Friday, July 03, 2009


Palin Out

Leaves the governorship in two weeks.

My hunch is that if we hear about Sarah Palin in terms of national office again, it will most likely be in 2016, rather than 2012.

Adopting the Nixon '62 line, we won't have Sarah Palin to kick around for about seven years. By then, she'll be 52 or so -- still in a political prime. The McCain campaign will be a distant memory. Her young son will be in elementary school and she'll have been able to better balance the national media spotlight and the many tugs on her time.

Short term though, you don't quit in the middle of your first and only term as governor, if you're hoping of running for president in three years.


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Open Thread

Early thread for the Fourth of July weekend. I'll be rooting for the Yanks conquering England once again: The Williams sisters on Saturday -- and Andy Roddick on Sunday.

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Wednesday, July 01, 2009


Birds Of Pray

Reading Time magazine's special issue on Michael Jackson is a great way to get angry.

The articles and personal testimonials are all very nice, but i's the pictures that make one's blood boil. When you look at the cherubic little black boy with eyes alternately showing irrepressible joy and a hint of shyness (almost sadness) and then see the more recent pictures of him, the question screams out -- "HOW!?? How could this have happened to this person?" Even when putting the ugly molestation stuff aside, just look at Michael Jackson and one realizes how things went terribly terribly wrong.

Yes, taking note of the ridiculous excesses of Neverland and everything else, a lot of this deterioration falls on Jackson's own head: He had all this talent and allowed his own ego and narcissism to drive himself hundreds of millions into debt.

But then again, if you've turned on the television of the last few days -- or checked the stories on the Internet -- you realize that with Michael Jackson, whatever he did to himself, there were at least a half-dozen people never too far away to help him ease on down the road to damnation.

It's as vivid in the barely a week since death as it was in his life. Joe Jackson, the so-called "patriarch" of the family who, in his 80's can't let a media opportunity pass without shilling his new record company or some garbage that is being released on Blu-Ray disc. Goodness knows, if Billy Mays hadn't died a couple of days after Michael, you know Joe would have hired him to do the evening infomercial selling the memorabilia.

As horrible a man as Joe Jackson has been reported to be as a father -- the severe beatings when recording sessions didn't go right, for example -- one is tempted to give him a modicum of slack. As a 40-something black man, I'm uncomfortable judging the choices made by a man several decades my senior who -- growing up in an America with many states having Jim Crow laws -- saw the talent within his children and wanted to harness it in the best way possible to rise the entire family out of poverty. He played the hand dealt him -- and it was not done pretty.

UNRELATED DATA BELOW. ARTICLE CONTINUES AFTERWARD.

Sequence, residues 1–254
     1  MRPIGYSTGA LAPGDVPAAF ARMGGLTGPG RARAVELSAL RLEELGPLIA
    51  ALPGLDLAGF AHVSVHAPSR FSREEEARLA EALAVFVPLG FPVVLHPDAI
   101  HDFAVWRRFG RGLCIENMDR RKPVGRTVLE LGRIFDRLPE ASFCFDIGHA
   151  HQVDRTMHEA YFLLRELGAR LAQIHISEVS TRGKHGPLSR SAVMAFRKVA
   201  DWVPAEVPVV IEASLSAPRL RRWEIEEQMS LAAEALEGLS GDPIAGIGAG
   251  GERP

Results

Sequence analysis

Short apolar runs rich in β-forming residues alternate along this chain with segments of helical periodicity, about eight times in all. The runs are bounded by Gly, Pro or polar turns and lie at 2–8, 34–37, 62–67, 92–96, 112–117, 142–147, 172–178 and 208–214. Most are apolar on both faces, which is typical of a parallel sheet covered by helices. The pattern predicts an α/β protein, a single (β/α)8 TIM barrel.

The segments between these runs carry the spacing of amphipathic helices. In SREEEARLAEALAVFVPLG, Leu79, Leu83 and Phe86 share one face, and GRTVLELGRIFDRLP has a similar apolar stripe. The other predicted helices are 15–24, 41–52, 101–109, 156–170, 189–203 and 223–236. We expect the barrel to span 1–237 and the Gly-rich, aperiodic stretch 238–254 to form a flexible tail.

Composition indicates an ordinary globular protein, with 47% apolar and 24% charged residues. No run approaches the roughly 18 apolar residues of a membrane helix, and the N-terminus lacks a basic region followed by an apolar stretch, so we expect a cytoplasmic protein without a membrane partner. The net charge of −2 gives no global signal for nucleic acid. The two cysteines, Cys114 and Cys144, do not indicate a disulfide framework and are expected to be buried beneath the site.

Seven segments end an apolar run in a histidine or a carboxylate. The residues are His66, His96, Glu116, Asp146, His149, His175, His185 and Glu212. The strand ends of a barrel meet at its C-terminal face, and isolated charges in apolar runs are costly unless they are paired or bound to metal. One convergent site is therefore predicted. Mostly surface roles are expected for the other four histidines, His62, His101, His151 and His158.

That said, after decades of success, when he helped produce the biggest star in the world, someone who made himself and his family millionaires many times over (nearly all of which was squandered), is it really the case that his son's death is seen as just another hook with which he can gain one more buck in his dotage? His son essentially had his soul squeezed out of him -- left as a walking drained husk well before his heart gave out -- and this is the best Joe Jackson can do before his son is even buried in the ground? Just squeeze still more blood from a stone.

But this is why Michael Jackson is dead -- because those in his orbit, even those tangentially, can never subsume their own personal dramas for their supposedly beloved relative or friend. And, standing front and center, right by the rapacious Joe -- the political ministers of black America, Revs. Jesse Jackson (no relation, as much as it galls him) and Al Sharpton.

Michael's death has renewed the simmering rivalry between the political ministers and one-time presidential candidates. Did they step in to try and provide some order to the growing chaotic circus around all things Jackson? Hah! They had to become part of the show, of course! Thus, Jesse was zooming to Los Angeles within 24 hours of Michael's death to emerge as yet another spokesman to declare that the family wasn't satisfied with the first autopsy and requested another one.

Meanwhile, Sharpton held court in New York, rushing to the Apollo Theatre to take the lead in East Coast mourning. Sharpton, of course, has practice at this: He orchestrated the James Brown viewing and wake at the Apollo three years ago. In fairness, he and Brown truly were close: Sharpton's once signature pompadour hairstyle was directly modeled after the Godfather of Soul's. While he may have known Michael for 35 years, he was never quite as much an intimate of the King of Pop. Regardless, Sharpton was in California Monday before zooming back to the Big Apple to lead a cheering, dancing mini-revival memorial back at the Apollo.